William 'Bill' Shakespeare, one of the first people in the U.K. to receive Pfizer's COVID-19 vaccine upon its emergency approval, has died of a stroke, the country's National Health Service confirmed to the BBC.
According to local politician Jayne Innes, Shakespeare died last week.
"Greatly saddened and upset to hear our friend, the very lovely Bill Shakespeare, has passed away," Innes tweeted, according to USA Today. "Bill will be remembered for many things, including a taste for mischief. He became an international sensation as the first man to receive a COVID vaccine."
Shakespeare, 81, was the second person to get a Pfizer shot in England on Dec. 8. He was second in line at University Hospital in Coventry, England on Dec. 8 when vaccine distribution opened to the general public. According to the BBC, Shakespeare was a patient in the hospital's "frailty ward" at the time of his vaccination.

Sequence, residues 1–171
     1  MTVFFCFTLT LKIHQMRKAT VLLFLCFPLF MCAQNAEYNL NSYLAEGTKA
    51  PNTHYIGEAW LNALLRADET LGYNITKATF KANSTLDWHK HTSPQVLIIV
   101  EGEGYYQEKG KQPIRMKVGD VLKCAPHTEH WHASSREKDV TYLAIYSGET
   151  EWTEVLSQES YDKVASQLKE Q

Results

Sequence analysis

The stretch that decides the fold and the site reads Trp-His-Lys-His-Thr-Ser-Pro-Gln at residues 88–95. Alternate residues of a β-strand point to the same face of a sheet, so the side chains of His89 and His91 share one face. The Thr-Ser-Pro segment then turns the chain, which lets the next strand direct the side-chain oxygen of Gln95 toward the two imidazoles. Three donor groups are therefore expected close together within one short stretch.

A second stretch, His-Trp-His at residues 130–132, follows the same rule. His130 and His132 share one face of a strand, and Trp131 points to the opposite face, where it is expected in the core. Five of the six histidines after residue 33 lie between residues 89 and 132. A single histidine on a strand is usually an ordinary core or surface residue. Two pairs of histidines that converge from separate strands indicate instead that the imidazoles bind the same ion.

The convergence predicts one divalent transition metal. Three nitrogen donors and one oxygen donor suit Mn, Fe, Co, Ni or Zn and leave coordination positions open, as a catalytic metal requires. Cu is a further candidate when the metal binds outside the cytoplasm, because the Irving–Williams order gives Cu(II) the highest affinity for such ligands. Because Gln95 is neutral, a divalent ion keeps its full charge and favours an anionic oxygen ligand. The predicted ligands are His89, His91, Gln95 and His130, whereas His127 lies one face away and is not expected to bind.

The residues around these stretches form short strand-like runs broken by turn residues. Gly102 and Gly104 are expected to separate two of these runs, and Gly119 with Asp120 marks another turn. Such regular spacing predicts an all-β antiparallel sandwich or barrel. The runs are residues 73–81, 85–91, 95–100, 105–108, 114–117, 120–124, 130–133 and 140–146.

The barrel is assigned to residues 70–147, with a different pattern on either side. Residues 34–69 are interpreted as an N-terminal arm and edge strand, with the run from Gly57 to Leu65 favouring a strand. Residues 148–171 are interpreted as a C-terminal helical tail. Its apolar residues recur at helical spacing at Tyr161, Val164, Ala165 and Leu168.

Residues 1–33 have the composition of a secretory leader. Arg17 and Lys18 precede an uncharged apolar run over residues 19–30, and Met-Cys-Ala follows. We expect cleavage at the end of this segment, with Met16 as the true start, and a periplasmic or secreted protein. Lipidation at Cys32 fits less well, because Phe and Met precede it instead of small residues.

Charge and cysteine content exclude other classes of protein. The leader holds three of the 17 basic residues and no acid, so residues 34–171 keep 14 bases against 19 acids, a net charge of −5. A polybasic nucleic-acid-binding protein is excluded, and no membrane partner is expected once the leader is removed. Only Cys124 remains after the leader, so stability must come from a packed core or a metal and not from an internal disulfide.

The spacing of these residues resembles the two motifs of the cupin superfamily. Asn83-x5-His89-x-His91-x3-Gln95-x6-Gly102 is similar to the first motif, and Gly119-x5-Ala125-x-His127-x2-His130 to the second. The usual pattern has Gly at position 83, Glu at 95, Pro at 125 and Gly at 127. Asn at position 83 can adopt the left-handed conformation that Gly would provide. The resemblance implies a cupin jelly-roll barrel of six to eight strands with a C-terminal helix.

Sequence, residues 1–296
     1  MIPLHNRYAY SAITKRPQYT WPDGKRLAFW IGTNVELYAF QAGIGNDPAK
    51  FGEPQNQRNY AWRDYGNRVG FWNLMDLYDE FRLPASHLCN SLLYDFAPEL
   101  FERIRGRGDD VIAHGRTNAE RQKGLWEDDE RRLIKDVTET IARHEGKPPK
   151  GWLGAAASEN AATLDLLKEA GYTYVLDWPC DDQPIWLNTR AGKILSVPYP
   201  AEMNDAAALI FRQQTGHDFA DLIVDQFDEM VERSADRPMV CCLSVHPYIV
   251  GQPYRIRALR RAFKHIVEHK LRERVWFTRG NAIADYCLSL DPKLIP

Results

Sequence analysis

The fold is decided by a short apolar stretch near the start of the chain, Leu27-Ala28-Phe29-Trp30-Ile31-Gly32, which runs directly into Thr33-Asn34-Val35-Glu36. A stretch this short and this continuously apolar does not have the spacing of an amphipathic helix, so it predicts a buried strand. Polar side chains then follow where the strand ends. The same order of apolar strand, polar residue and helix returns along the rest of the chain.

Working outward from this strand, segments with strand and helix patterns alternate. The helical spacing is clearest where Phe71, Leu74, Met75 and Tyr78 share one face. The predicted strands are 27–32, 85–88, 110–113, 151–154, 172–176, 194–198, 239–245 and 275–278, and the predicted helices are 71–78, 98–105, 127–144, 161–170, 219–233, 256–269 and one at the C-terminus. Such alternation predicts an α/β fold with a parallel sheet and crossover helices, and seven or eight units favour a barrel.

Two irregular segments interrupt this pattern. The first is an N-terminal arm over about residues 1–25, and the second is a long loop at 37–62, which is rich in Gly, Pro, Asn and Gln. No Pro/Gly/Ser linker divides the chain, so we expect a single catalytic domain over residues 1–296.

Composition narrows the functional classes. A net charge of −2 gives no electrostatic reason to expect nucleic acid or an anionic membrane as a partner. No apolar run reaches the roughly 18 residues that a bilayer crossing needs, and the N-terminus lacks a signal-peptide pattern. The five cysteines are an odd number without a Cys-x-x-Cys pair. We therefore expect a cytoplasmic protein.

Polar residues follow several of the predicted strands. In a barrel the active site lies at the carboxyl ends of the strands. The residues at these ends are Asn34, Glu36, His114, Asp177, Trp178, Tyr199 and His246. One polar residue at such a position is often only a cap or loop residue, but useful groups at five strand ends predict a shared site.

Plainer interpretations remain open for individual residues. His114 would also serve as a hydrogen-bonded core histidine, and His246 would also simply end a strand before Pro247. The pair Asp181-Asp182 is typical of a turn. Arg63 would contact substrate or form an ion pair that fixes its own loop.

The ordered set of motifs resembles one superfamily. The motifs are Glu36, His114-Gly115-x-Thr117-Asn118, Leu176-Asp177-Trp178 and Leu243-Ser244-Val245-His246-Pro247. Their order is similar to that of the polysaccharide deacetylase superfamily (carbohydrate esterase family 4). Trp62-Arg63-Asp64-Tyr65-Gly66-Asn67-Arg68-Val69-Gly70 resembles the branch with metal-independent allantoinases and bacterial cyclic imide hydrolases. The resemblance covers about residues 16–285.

A few days after England began public vaccinations, the U.S. formally approved the Pfizer vaccine for emergency use.
"It could make a difference to our lives from now on, couldn't it?" Shakespeare said at the time, according to CBS News. "It's started changing our lives and our lifestyle."
Following his vaccination, Shakespeare's famous name prompted the New York Post to run the headline "TAMING OF THE FLU" — a play on the famous Shakespeare play "The Taming of the Shrew."
According to the BBC, Shakespeare leaves behind his wife of 53 years, two sons and several grandchildren.
We're sorry to hear of the death of Coventry Labour stalwart Bill Shakespeare. Bill made global headlines as 1st first man to have Covid vaccine. His decades of service to the party were recently recognised by @Keir_Starmer. Our thoughts are with Joy and Bill's family & friends. pic.twitter.com/ANCTeGFYEs— West Midlands Labour (@WMLabour) May 24, 2021